Trying to save at home while egg prices are so high? Consider some alternatives

Published 9:00 pm Friday, January 20, 2023

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The prices of items at the grocery store, particularly certain staple items, have increased dramatically. Eggs, for instance, have more than doubled in cost over the last year. According to the food market data company Urner Barry, the average price of eggs in the United States last year was $1.33. This year, the average price is at $4.55.

Jamie Pronschinske, a registered dietician at Mayo Clinic Health System — La Crosse

Eggs are a good source of nutrition, particularly protein. According to the U.S. Department of Agriculture’s MyPlate guidelines, one egg contains roughly 75 calories, 5 grams of protein, no carbohydrates, 67 milligrams of potassium, 70 milligrams of sodium and 210 milligrams of cholesterol.

But do we need eggs, and are there replacements for eggs that provide the proteins needed? And what could you use instead of eggs?

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According to Jamie Pronschinske, a registered dietician at Mayo Clinic Health System in La Crosse, Wisconsin, besides being a great source of protein, eggs contain fat soluble nutrients, vitamins A, D, E and K and are a good source of choline, which is important to brain function.

But with costs so high, some people may consider an alternative protein source.

“Some less expensive protein options may include peanut butter, chicken, canned tuna, as well as dairy products,” she said in an interview. “You know, milk, yogurt, … cheese.”

Other less expensive options include canned beans, canned chicken and cottage cheese.

But, Pronschinske said eggs could still be a cost-effective protein source when looking at the cost of meats like steak and pork.

In baking, Pronschinske said there are egg-free replacements that use starches to mimic the binding eggs do, and that you could use ground chia or flax seeds with a little water.

“That almost forms that consistency that egg would and can be used as a substitute in baked goods,” she said.

And though the baked goods would be lower in fat and higher in heart-healthy fiber, she said if a person were to make two dozen cookies the substitute wouldn’t alter nutritional value “very much.”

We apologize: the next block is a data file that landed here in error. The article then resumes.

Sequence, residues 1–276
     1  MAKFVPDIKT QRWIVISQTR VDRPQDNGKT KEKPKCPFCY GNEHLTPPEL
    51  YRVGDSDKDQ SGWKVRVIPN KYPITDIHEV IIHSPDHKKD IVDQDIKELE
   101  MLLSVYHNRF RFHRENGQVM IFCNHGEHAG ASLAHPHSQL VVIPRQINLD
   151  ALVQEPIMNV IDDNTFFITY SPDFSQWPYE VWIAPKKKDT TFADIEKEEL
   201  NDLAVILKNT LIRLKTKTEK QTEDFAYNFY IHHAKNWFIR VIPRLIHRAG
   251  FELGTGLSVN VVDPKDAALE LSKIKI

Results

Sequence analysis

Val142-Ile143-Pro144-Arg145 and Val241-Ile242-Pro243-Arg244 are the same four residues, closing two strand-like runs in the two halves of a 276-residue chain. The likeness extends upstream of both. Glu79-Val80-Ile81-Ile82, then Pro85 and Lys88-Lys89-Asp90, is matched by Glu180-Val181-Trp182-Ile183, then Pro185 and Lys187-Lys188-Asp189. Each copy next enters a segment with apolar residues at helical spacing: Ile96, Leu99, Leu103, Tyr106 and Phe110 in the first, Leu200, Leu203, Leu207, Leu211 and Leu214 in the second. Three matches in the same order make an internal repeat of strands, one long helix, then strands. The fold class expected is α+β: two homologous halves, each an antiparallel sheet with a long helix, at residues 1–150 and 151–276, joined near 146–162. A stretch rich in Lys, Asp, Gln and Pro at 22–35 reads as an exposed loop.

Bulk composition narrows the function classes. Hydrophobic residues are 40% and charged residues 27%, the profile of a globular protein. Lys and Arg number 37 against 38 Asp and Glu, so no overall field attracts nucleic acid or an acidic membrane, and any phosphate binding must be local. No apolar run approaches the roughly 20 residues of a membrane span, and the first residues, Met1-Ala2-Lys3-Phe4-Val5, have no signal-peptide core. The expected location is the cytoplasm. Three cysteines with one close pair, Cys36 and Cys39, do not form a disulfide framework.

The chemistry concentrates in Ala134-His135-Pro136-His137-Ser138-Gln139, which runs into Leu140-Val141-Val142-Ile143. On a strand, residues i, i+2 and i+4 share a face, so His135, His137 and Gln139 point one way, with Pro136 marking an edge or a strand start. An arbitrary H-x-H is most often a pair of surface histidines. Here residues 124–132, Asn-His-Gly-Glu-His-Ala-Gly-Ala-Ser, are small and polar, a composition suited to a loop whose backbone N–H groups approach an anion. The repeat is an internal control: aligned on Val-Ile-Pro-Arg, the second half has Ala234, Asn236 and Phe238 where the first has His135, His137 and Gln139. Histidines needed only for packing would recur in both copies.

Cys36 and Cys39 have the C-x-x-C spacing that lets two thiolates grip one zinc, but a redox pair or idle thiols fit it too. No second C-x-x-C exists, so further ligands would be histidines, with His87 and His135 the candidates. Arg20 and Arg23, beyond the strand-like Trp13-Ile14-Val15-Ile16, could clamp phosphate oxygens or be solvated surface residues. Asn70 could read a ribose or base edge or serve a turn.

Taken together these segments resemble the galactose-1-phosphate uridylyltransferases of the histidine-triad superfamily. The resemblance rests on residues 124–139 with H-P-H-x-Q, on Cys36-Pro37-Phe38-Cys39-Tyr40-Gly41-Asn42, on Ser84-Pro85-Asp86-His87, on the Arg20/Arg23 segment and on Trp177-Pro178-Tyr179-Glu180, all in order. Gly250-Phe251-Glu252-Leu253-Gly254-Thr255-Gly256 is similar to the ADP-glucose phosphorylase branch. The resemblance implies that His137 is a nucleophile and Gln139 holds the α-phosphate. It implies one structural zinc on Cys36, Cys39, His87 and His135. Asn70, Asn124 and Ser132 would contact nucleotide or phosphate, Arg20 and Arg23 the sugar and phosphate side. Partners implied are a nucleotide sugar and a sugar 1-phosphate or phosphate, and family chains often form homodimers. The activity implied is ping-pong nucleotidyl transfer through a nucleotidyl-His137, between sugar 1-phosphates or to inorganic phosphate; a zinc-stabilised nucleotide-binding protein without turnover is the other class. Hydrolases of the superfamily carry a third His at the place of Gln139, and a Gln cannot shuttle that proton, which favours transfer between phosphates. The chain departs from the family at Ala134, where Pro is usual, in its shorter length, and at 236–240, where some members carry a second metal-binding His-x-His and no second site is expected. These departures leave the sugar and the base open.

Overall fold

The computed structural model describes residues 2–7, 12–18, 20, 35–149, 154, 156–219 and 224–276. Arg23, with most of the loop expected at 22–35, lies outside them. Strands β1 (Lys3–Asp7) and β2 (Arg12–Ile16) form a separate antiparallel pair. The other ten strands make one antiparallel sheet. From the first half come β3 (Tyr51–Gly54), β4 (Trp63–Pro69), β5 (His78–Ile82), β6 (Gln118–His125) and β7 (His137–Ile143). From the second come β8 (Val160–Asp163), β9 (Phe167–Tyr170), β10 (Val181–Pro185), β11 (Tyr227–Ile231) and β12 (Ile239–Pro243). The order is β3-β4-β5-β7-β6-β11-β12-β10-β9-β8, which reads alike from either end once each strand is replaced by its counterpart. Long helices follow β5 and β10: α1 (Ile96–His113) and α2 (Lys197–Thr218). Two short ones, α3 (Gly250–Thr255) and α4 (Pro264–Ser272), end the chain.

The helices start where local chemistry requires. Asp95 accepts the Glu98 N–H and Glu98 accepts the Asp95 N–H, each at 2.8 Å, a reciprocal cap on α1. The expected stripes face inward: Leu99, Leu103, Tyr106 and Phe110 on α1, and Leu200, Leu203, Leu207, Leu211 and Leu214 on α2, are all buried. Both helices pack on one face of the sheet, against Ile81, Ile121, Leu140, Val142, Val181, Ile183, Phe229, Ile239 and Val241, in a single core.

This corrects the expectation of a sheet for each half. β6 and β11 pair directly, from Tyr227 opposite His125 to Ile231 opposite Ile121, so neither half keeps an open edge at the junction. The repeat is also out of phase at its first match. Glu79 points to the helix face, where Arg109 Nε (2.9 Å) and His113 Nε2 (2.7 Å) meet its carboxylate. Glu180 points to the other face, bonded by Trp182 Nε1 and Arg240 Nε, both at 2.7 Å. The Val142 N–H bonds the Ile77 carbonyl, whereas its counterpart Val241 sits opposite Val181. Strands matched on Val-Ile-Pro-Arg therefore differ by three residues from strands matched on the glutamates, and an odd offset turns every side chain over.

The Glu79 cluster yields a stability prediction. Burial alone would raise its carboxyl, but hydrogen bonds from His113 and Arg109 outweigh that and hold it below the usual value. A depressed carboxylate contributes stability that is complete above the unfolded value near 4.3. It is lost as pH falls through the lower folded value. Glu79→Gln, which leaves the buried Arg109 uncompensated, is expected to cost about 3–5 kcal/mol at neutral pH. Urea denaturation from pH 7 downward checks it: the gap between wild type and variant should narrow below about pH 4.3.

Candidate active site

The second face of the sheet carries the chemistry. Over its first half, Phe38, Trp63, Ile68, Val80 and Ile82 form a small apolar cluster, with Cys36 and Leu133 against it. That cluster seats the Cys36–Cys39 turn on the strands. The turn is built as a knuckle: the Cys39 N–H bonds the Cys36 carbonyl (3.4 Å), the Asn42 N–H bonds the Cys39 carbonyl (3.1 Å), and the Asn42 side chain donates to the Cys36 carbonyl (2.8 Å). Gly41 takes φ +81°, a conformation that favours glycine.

Tofu was another alternative option.

“Tofu can be scrambled almost like eggs if that fits within your budget,” she said.

She also suggested using them for scrambled eggs for omelets to throw in vegetables or cheese with toast or a tortilla to stretch a budget.

While she hadn’t considered it as a replacement, she thought mashed bananas or pureed fruit could work as an emulsifier, though depending on the product using fruit may not make it taste the best.

And depending on what you’re doing, she said complete pancake box mixes didn’t require eggs.

“That’s a pretty cost-effective breakfast item,” she said. “Don’t need to purchase eggs to make that. Can really stretch your budget with something like that.”

Above all, she said eggs provided a source of protein.

“The importance of protein foods is they are the building blocks for our muscles and tissue, so they help support our lean muscle tissue,” she said.
But protein sources can be found elsewhere. She also expected the price of eggs to go down.

In the meantime, consider toast with peanut butter topped with banana, or overnight oats with Greek yogurt and milk.

“A nontraditional breakfast item might be canned beans over toast.

“I guess that’s a British thing, toast and beans,” she said.

Smoothies could also provide a source of protein, using low-fat milk or greek yogurt with frozen fruit.